I have been diagnosed for one year, and been disabled for five. I was elated when I received my diagnosis – we had already figured that it was forever as the years went by and things gradually got worse. Once I had a diagnosis, I could receive help (like a state funded wheelchair), so in my case a diagnosis has actually improved my life, rather than taken from it.

    I feel as though I have accepted that I won’t have any need for retirement plans, and that anything I want to achieve, I had better get to soon. I feel as though I have accepted the disability and the illness… But I wonder sometimes – were things so gradual that I didn’t get to grieve properly? Will I crash at a later date? Are my feelings being bottled because people expect you to not worry about “maybe”, and I had a “maybe” for so long…

    I feel as though I have accepted yet I know I haven’t grieved… I wonder some days what the future holds for me emotionally.

    • I know of many people who have had similar experiences to what you have experienced. When you have lived a life time of being dismissed and blown off and labeled nuts, getting a real diagnosis is a blessing. It is hard to grieve a blessing. You might yet crash into grief, but everyone experiences the grieving process differently, so moving quickly into acceptance with no grief may be perfectly ok for you. If you do end up grieving, just go with it.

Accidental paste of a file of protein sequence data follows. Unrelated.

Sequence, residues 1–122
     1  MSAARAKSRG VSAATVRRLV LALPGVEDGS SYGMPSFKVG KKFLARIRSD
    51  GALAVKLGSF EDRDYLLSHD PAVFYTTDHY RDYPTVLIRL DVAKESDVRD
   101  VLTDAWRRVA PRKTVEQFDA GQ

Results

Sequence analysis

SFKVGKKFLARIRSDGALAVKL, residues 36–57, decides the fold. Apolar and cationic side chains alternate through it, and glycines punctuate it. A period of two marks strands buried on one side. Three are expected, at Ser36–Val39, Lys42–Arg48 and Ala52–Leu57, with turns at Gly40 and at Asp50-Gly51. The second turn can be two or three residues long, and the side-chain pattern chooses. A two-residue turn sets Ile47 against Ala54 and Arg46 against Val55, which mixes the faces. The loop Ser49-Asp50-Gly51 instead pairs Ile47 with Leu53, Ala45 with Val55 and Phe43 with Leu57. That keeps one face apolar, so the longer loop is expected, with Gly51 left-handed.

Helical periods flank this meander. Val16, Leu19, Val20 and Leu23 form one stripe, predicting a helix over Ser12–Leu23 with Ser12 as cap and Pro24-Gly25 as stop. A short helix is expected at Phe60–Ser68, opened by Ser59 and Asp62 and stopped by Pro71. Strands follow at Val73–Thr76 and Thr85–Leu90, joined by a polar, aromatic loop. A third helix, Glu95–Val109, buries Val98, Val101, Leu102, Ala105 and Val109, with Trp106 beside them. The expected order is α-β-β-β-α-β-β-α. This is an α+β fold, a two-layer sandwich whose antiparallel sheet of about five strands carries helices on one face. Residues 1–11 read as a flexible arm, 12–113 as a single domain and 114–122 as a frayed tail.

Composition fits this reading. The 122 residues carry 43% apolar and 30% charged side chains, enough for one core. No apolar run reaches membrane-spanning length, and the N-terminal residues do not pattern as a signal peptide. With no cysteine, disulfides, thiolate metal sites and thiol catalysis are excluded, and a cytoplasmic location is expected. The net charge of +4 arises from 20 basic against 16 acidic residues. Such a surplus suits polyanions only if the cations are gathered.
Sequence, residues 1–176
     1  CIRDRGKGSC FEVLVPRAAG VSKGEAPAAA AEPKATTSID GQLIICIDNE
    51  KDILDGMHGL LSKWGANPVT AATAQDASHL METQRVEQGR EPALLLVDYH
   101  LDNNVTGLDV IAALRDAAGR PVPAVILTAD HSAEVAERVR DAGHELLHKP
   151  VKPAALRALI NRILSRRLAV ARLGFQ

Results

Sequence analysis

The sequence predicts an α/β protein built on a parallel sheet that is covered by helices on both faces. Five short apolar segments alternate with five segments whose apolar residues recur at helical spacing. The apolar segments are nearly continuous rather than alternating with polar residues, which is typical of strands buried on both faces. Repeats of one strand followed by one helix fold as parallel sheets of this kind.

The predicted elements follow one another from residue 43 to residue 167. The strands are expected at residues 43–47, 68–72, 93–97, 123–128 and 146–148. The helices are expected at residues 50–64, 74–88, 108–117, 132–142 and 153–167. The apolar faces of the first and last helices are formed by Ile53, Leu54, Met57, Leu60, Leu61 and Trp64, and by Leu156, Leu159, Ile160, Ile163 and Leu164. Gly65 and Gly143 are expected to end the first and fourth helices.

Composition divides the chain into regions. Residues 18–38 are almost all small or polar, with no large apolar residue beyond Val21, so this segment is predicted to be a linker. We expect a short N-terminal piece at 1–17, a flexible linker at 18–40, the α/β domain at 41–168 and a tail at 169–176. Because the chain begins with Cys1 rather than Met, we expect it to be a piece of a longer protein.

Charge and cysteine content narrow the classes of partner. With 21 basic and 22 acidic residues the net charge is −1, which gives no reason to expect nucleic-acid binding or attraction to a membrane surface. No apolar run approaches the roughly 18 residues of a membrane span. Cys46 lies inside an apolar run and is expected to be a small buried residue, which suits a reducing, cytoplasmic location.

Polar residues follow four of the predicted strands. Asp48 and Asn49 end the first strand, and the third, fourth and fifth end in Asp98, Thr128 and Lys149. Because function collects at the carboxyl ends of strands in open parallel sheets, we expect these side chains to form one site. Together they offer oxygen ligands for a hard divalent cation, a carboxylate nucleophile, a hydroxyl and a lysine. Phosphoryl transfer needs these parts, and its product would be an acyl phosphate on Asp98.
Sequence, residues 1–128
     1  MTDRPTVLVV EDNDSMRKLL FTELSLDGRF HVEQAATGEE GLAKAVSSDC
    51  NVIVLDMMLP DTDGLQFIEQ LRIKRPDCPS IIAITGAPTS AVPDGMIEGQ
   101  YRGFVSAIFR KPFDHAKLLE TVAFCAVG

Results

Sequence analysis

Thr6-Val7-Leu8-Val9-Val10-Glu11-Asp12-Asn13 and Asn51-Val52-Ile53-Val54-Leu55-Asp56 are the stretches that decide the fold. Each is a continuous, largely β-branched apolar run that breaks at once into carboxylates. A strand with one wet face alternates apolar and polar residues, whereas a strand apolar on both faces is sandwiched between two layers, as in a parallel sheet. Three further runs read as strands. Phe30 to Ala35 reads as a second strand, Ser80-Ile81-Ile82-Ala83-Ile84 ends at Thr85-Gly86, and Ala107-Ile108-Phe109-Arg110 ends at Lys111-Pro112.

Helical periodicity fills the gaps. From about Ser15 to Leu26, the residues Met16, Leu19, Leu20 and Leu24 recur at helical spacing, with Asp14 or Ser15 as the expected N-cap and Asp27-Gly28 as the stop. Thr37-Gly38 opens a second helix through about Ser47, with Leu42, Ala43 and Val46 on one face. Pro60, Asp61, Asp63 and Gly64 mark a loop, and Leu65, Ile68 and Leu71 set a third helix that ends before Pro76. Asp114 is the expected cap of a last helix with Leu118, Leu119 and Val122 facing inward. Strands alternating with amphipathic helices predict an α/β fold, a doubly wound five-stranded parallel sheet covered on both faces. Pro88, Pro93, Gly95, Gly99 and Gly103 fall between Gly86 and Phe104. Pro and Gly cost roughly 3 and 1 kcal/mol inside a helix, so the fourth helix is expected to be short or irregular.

Thanks for sharing your thoughts on this – I know this topic is really emotional for a lot of people.


  2. I am very interested in knowing more about your book and thinking. My nephew has this disease, among others, and I am terminally ill and explore the concept of livinglydying – which is different and yet a very parallel path to having your life constricted by a chronic illness. Many of us with advanced cancer are trying to work with researchers to make our disease into a chronic condition. But these catagories all put us in a dicey situation with living fully and well. And being visible in a society that isn’t good at seeing what isn’t very concrete. I will enjoy tracking your learnings!